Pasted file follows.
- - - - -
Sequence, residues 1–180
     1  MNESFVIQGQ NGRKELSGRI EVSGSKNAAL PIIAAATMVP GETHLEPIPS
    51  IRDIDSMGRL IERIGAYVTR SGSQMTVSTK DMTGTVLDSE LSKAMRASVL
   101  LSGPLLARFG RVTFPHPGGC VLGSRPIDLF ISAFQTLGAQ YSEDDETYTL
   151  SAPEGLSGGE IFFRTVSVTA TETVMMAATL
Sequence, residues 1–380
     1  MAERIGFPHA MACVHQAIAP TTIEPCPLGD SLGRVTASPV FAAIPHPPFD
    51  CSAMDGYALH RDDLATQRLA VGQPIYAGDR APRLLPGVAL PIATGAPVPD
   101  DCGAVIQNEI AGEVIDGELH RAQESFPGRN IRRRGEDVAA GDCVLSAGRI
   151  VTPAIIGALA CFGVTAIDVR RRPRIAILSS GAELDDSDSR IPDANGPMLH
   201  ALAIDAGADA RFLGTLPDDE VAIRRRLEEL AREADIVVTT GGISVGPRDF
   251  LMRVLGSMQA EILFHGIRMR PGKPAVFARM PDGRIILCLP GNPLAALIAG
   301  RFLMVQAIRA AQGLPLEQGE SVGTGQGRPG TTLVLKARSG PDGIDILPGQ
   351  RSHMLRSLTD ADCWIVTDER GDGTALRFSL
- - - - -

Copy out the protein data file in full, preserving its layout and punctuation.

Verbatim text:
Sequence, residues 1–180
     1  MNESFVIQGQ NGRKELSGRI EVSGSKNAAL PIIAAATMVP GETHLEPIPS
    51  IRDIDSMGRL IERIGAYVTR SGSQMTVSTK DMTGTVLDSE LSKAMRASVL
   101  LSGPLLARFG RVTFPHPGGC VLGSRPIDLF ISAFQTLGAQ YSEDDETYTL
   151  SAPEGLSGGE IFFRTVSVTA TETVMMAATL
Sequence, residues 1–380
     1  MAERIGFPHA MACVHQAIAP TTIEPCPLGD SLGRVTASPV FAAIPHPPFD
    51  CSAMDGYALH RDDLATQRLA VGQPIYAGDR APRLLPGVAL PIATGAPVPD
   101  DCGAVIQNEI AGEVIDGELH RAQESFPGRN IRRRGEDVAA GDCVLSAGRI
   151  VTPAIIGALA CFGVTAIDVR RRPRIAILSS GAELDDSDSR IPDANGPMLH
   201  ALAIDAGADA RFLGTLPDDE VAIRRRLEEL AREADIVVTT GGISVGPRDF
   251  LMRVLGSMQA EILFHGIRMR PGKPAVFARM PDGRIILCLP GNPLAALIAG
   301  RFLMVQAIRA AQGLPLEQGE SVGTGQGRPG TTLVLKARSG PDGIDILPGQ
   351  RSHMLRSLTD ADCWIVTDER GDGTALRFSL